Amanda, UK

I'm enjoying life without the booze. I was drinking one and a half litres of gin a day when I got to my rock bottom and finally admitted I needed help. I've been going to AA ever since and by working the programme and living one day at a time life has got better, my family care about me, I work better and I'm not driving a car in a state where I could kill someone. I hope that through the programme people will see their own problem and seek help from one of the organisations which can help them come of the booze.

Dave, UK

I have been drinking for over 20 years. I gave up for 3 weeks last February (first time ever), started drinking again then around May last year I finally stopped. It actually took five weeks to stop. I would have a good drink on the weekends and stop on the Monday but by the Tuesday I was climbing the walls - not helping that I was running a preview theatre and managing the bar as well. After the fifth week I didn't drink on the Monday, or the Tuesday, and it started from there and I haven't had a drink since. I don't feel a lot different, my life hasn't drastically changed. I just don't wake up with hangovers anymore. I have got one advantage. I had and still get great support from my girlfriend and I seldom work in the West End anymore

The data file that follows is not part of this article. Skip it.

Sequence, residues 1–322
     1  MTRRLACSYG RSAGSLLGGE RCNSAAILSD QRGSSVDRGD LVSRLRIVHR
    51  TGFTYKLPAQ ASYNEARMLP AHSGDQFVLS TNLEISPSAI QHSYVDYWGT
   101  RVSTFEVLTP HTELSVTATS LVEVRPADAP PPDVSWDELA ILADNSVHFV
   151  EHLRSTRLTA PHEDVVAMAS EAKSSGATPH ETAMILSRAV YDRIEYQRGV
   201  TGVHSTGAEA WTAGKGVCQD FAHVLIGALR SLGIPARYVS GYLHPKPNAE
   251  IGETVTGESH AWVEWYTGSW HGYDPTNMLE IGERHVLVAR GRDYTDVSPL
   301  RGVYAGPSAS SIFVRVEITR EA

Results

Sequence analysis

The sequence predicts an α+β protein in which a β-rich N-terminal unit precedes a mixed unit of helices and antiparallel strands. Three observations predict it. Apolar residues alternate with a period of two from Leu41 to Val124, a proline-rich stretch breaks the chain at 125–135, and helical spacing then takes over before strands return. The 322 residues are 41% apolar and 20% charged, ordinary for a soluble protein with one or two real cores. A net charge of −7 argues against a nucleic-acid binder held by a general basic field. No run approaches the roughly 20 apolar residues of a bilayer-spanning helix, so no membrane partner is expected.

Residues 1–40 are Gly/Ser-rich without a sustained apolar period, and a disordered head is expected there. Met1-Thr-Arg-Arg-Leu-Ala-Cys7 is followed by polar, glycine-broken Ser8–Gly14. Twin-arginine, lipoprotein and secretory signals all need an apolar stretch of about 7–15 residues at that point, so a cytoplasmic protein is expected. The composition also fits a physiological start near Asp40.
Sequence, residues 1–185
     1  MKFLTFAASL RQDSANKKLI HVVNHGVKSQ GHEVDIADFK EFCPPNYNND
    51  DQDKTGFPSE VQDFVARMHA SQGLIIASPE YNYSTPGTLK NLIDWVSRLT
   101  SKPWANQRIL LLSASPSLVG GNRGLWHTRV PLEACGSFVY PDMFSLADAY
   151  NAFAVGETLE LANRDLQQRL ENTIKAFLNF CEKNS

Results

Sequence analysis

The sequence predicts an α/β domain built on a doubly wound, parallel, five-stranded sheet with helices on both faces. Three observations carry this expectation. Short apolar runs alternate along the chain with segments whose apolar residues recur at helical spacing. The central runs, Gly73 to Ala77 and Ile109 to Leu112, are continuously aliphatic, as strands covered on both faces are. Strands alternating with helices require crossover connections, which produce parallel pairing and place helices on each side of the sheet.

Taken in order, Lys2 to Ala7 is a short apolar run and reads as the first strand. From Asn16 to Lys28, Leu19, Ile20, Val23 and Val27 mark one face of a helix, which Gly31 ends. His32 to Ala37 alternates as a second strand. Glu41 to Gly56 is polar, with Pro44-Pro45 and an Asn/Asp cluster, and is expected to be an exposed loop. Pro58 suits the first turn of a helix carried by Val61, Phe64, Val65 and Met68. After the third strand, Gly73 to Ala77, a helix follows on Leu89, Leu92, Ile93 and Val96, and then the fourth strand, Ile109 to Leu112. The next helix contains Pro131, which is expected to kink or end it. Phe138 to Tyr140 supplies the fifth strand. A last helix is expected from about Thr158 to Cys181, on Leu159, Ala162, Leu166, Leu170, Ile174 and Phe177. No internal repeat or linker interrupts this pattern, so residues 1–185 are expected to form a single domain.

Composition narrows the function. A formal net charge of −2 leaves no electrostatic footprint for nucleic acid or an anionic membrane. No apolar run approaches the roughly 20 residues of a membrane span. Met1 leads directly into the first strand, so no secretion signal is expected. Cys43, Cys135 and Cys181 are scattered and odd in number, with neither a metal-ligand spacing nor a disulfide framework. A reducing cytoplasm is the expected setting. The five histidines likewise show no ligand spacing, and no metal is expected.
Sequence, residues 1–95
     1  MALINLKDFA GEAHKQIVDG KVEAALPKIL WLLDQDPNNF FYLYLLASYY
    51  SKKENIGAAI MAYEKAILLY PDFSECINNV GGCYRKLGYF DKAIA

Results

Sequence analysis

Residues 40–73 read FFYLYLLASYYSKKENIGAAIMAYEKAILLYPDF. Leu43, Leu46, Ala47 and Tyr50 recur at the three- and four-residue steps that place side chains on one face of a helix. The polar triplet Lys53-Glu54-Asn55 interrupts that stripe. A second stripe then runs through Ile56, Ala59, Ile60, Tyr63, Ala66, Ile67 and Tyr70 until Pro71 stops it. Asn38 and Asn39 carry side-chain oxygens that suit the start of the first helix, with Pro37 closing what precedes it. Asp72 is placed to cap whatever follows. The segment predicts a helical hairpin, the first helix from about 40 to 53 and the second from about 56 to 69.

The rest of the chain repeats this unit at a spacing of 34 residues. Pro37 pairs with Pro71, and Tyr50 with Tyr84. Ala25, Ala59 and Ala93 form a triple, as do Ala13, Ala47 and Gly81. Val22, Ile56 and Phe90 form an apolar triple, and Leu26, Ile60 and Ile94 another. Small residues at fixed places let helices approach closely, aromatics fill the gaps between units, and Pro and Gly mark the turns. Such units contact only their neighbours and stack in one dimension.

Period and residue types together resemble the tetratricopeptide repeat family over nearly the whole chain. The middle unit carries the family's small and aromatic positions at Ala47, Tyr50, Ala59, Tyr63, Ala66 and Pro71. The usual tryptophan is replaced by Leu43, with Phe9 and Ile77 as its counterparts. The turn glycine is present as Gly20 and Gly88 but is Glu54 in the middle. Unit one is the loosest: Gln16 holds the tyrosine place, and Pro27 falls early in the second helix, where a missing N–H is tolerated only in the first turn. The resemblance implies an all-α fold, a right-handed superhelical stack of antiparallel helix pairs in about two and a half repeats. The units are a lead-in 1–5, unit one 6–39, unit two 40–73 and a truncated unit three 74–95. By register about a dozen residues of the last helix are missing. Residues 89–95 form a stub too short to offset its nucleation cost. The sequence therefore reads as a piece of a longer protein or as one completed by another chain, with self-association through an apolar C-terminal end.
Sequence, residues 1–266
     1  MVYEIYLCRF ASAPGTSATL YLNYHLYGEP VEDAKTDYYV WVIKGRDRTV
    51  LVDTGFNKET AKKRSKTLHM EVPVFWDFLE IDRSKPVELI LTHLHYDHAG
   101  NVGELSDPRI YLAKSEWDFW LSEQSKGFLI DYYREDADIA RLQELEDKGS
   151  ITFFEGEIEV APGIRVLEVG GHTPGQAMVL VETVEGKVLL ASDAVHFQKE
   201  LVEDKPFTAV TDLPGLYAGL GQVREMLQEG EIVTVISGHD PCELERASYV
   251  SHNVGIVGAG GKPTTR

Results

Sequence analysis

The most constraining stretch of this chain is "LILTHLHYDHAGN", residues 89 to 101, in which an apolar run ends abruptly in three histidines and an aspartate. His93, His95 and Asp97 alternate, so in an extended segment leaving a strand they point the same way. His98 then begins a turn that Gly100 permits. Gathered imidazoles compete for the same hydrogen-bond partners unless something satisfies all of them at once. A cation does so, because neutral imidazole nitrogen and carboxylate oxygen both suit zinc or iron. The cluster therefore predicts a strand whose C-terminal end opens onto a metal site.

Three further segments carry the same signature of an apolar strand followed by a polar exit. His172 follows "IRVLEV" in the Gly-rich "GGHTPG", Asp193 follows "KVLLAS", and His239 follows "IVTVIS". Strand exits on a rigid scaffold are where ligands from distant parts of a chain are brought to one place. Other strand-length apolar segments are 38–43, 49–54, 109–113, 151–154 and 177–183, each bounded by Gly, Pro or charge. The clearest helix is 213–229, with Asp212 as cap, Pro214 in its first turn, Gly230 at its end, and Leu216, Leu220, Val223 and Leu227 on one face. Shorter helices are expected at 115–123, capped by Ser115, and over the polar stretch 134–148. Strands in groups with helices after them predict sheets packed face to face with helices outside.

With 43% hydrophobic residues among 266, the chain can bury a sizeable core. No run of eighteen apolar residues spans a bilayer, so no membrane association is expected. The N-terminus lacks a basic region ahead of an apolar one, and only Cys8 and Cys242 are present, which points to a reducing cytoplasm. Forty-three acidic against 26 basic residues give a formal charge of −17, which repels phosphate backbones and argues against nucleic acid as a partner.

Alan, UK

I once went on a bit of a binge in Middlesbrough of all places and woke up in Switzerland. I didn't have a clue how I'd got there or where I'd been

Mark, UK